Bits and Atoms

atoms to bits
atoms to bits (Photo credit: Will Lion)

More than two million drug-eluting stents were sold worldwide in 2011, of which 87% were manufactured from just five product designs [source]. The success or failure of product development is ultimately measured by financial outcomes. Each of us hopes our large investments in product development will be returned many times over by the sale of millions of profitable manufactured units.

A great product design is thus the set of instructions that enables scalable, salable, profitable production.

Of course, nothing conveys the value of a product design more concretely than a prototype unit or a unit off the production line. We use these prototypes and sample units for demos all the time, and are justifiably proud of the innovation they represent. Yet, these physical manifestations of a product design are not the design itself. A product design is an abstraction – a blueprint for the factories to make and maintain the product. The design itself is an organized mountain of information, comprising product requirements, specs, drawings, meeting minutes, inspection instructions, manufacturing procedures, risk analyses, and verification/validation results. A product design is the genetic code, the script, and the architectural drawings, and not the cell, the broadway performance or the skyscraper.

Great product designs are bits, not atoms. Yet most product development engineers grumble about “documentation.” I don’t get it. The documentation is what manufacturing needs to make the product. The documentation is the design.

Great product developers spend a ton of time defining and redefining customer and product requirements. The very best developers argue the most passionately about customer requirements. Witness the controversy about the customer value of skeuomorphic design playing out in the Apple executive suite. The best medical device developers don’t wait for marketing or management to hand them the product requirements. They clamor to spend more time with customers in the OR (or wherever the product is intended to be used). They study competitive/predicate devices.  They define the requirements themselves.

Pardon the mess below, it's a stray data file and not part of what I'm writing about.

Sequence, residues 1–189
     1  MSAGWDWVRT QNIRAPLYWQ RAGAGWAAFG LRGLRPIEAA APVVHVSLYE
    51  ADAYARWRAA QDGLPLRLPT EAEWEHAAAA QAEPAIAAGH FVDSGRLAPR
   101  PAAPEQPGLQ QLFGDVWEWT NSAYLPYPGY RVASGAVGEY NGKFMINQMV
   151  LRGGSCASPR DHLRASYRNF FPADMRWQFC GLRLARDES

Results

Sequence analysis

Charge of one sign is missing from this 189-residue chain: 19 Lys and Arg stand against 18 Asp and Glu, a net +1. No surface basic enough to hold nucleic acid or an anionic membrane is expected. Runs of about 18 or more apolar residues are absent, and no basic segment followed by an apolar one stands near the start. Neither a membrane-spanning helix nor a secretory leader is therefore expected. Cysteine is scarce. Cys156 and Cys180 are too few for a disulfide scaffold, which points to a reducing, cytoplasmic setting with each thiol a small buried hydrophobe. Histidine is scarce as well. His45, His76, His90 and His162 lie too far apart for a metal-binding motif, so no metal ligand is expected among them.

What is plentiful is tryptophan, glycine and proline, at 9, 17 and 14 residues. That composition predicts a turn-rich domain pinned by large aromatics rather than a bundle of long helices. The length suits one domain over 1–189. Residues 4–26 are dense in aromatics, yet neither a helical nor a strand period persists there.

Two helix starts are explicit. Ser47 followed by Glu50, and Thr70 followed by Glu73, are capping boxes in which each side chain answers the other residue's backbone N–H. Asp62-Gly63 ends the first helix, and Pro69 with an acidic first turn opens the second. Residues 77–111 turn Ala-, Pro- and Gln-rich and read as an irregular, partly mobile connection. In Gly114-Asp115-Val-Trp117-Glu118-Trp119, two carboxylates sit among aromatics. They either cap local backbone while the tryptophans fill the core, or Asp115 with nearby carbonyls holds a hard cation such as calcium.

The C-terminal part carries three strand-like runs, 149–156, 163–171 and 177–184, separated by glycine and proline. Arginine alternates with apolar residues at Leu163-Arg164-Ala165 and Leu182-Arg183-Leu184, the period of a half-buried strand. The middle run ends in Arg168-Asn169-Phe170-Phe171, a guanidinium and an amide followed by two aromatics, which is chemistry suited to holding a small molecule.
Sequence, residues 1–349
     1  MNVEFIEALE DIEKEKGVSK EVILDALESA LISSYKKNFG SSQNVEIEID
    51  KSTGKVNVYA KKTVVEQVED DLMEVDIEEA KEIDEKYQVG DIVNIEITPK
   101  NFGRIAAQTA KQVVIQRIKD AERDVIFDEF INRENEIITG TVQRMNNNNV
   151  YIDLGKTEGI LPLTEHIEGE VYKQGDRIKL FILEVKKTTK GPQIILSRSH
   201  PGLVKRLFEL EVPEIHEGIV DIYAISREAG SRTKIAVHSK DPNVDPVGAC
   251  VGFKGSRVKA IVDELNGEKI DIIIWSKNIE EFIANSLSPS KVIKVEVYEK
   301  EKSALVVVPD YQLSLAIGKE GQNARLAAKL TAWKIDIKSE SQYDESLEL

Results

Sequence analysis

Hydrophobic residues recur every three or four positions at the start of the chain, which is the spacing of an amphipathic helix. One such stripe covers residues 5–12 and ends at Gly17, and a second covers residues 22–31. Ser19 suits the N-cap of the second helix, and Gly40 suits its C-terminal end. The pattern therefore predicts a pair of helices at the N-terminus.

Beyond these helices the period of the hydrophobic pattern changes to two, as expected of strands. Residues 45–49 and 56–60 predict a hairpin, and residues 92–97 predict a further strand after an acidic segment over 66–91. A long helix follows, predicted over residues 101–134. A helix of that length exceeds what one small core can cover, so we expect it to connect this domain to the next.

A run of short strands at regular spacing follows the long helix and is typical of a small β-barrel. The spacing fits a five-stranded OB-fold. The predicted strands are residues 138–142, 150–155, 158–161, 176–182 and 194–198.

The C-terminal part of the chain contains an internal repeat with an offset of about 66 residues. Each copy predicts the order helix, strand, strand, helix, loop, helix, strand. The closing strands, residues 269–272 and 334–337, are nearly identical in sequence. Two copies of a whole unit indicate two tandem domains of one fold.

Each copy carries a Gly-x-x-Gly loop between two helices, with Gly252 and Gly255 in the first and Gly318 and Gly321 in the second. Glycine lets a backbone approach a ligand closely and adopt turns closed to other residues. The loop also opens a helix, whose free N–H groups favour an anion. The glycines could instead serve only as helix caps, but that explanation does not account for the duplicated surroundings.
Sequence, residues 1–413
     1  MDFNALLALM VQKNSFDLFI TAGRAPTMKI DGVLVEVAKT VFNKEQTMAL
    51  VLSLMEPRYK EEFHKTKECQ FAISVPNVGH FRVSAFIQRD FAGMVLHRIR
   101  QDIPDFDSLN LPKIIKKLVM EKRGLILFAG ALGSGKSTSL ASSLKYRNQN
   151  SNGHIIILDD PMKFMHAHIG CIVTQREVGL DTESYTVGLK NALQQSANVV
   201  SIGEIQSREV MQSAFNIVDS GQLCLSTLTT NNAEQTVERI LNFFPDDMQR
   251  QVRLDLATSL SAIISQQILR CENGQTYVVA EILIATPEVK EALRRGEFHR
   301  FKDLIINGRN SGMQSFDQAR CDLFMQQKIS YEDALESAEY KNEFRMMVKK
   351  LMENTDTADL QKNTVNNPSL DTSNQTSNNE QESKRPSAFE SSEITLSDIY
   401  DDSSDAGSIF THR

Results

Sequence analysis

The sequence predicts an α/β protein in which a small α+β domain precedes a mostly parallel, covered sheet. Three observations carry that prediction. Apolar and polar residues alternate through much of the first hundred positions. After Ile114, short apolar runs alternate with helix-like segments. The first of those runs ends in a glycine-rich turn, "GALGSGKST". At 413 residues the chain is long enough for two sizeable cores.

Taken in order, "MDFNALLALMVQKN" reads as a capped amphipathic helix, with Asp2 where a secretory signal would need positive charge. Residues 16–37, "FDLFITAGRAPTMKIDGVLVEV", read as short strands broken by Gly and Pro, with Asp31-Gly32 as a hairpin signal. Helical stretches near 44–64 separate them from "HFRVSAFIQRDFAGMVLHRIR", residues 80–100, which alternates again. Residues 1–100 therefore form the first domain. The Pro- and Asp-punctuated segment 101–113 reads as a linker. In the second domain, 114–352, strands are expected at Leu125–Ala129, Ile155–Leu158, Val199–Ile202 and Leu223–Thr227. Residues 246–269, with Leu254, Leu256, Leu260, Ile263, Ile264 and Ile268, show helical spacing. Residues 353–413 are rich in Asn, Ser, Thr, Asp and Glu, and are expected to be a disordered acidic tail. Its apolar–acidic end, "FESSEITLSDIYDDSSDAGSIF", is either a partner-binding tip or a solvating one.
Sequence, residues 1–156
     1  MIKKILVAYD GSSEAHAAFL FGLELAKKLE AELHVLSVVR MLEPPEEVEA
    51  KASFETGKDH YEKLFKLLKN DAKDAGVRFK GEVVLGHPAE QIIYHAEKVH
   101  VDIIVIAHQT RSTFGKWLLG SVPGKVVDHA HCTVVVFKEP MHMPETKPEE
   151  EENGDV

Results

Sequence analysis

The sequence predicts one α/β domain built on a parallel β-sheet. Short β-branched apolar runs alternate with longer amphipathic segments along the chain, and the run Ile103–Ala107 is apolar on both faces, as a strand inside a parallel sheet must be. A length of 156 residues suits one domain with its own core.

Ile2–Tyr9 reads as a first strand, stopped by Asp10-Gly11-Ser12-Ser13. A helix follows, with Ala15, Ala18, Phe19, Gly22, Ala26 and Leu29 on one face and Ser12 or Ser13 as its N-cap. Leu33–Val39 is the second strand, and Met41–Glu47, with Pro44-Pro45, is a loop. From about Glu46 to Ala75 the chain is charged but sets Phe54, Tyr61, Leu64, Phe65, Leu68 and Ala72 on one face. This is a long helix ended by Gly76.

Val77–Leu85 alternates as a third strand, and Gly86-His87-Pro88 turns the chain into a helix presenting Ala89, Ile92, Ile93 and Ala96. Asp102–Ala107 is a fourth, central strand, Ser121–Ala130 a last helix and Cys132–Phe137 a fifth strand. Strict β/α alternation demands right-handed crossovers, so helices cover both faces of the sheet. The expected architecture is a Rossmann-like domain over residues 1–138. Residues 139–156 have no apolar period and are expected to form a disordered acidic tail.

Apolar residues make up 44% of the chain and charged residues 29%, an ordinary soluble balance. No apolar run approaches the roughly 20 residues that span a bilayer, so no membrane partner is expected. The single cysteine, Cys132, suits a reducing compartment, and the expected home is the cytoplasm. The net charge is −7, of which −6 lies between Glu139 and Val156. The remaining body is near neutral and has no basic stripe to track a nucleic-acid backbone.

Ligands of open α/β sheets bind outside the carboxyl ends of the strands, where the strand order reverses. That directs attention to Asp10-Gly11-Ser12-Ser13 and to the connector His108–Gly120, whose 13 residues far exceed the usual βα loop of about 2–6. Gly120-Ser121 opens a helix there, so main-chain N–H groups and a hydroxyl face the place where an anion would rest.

Great product developers write assembly instructions and component specifications for their earliest prototypes, for how else can they know that device performance indicates design quality rather than a component or assembly issue.

Great product developers lose sleep over the creation of verification tests that accurately predict real world product performance. They build tests early, to assess design iterations with confidence. They know their statistics cold, to separate real results from random chance. They envy software developers who get to develop products that operate in a well-defined operating system instead of the ill-defined, highly variable human anatomy. Yet they don’t shrink from the challenge of defining that anatomy.

Great product developers care deeply about product reliability. The very best developers take it personally when products fail. The best medical device developers have strongly held opinions on the best way to do risk analysis, from years of incorporating risk management into every design decision.

Great medical device developers know that the job of making physical devices ultimately belongs to the factory, and the the end product of product development is the code that makes the factory run.  Product development is the investment.  Profitable manufacturing is the return.  Product development creates bits. Manufacturing makes atoms.

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8 thoughts on “Bits and Atoms

  1. Jay, Thanks for another brilliant essay. I liked this sentence. “A product design is the genetic code, the script, and the architectural drawings, and not the cell, the broadway performance or the skyscraper”.

    Jim Muller

  2. Very well written article. The challenge of good design is never appreciated enough. One comment: Every new therapy has its evolutionary life cycle. Early designs may need to be good enough (look at first angioplasty devices) to prove that the therapy is clinically valuable, late stage designs often integrate thousands of inputs just to reduce the procedure duration by minutes. Depending on where in the evolutionary cycle of therapy your technology is, design input can be very simple “show that it works” or very complex “show that it works best all the time in all hands”. For a medical device designer it is advisable to know where on the technology cycle curve they are.

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